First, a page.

Editor’s note: The rising global awareness of sexual abuse, harassment and discrimination has been truly phenomenal in the last few weeks, touching virtual every aspect of society, including piping and drumming. Our recent Blogpipe article on the subject pertained mainly to issues and policies within our scene and associations overall. American-born piper Megan Canning, who has lived in the UK and Africa for more than 10 years, approached us with her personal and professional take on the matter. We are pleased to bring readers her frank and honest thoughts that integrate her own experience and observations, which will undoubtedly keep this necessary and constructive dialog going. Only through open discussion and asking questions about important issues and inequities will we gain answers and evoke needed change.
By Megan Canning
Like millions of other women around the world, I’ve watched as the words #metoo have flooded my social media pages.
Reading the intimate stories of friends and colleagues who have come forward with experiences of harassment, abuse and sexual assault, has unleashed in me a sense of collective rage, but also a feeling of collective empowerment. What I have not felt, however, is surprise. After all, like most women, I am among those who have also been able to write #metoo.
I can hardly imagine a woman who couldn’t write the same. For me, the timing of this rallying cry is apt. Only two weeks ago, I was sitting in a pub in Edinburgh with some pipe band friends, discussing the extent to which sexual harassment and violence is so normalized in our social world, that we often fail to recognize it at all. My female friend and I, who I’ve played with in pipe bands for several years, were jointly arguing that if men were to actually experience even for one day the kind of harassment that women put up with in so many facets of their daily lives, they would look at the world completely differently.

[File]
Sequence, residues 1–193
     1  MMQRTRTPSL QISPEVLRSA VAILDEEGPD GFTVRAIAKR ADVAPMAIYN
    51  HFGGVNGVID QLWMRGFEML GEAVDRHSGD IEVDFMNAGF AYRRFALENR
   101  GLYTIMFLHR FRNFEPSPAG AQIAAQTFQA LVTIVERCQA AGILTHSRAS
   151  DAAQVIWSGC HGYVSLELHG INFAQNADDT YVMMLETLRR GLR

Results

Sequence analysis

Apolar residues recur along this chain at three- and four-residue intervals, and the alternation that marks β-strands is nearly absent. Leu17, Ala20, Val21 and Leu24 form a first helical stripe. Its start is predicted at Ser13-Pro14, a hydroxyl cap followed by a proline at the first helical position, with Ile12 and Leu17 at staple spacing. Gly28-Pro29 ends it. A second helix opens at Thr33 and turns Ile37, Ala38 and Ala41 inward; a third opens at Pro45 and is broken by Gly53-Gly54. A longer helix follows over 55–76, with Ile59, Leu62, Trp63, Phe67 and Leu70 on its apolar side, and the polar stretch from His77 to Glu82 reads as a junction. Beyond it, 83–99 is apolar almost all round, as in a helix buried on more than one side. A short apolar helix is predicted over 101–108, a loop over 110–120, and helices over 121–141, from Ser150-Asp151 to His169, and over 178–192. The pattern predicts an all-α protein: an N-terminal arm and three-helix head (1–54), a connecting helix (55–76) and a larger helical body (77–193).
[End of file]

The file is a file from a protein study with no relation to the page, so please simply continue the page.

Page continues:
Fast forward to the #metoo movement – already in existence, but made prominent this past week by the high-publicity Harvey Weinstein scandal – and what we’re seeing is exactly that: the power of women coming forward in numbers, and the shock of men struggling to come to terms with the true extent of a violence that has always been right in front of them.
So much about the Harvey Weinstein case makes me think about my 23 years of experience in pipe bands. The pipe band world is not particularly worse for harassment than any other sector of society. (If anything, the plurality of women’s experiences documented in the last week alone highlights the pervasiveness of this violence across every conceivable context). However, the pipe band world certainly embodies a number of characteristics that mean that discrimination, harassment, and even abuse, sadly find an easy home.
pipes|drums published a Blogpipe article reflecting on the experiences of women pipers and drummers over the decades. From the early pioneers of women’s piping in the 1970s, to the modern-day women continuing to push the boundaries, it’s fantastic to celebrate the advances that women have made in recent years.
However, the article questions the extent to which we can really argue that things have changed – or, at least, it questions the pace of change – and I agree completely with this analysis. How can we celebrate the increased number of women in pipe bands today, but not ask why there are still so few women in positions of power? Where are the women judges, the women pipe-majors, the women lead-drummers? The numbers are scant.
And while there will invariably be a time-lag for judging panels whereby we might need to wait until the female competitors of today retire from competition and go into adjudication, there is no good reason why women shouldn’t be as equally represented in leadership roles, as they are in playing roles. Certainly, when we think about the thousands of . . .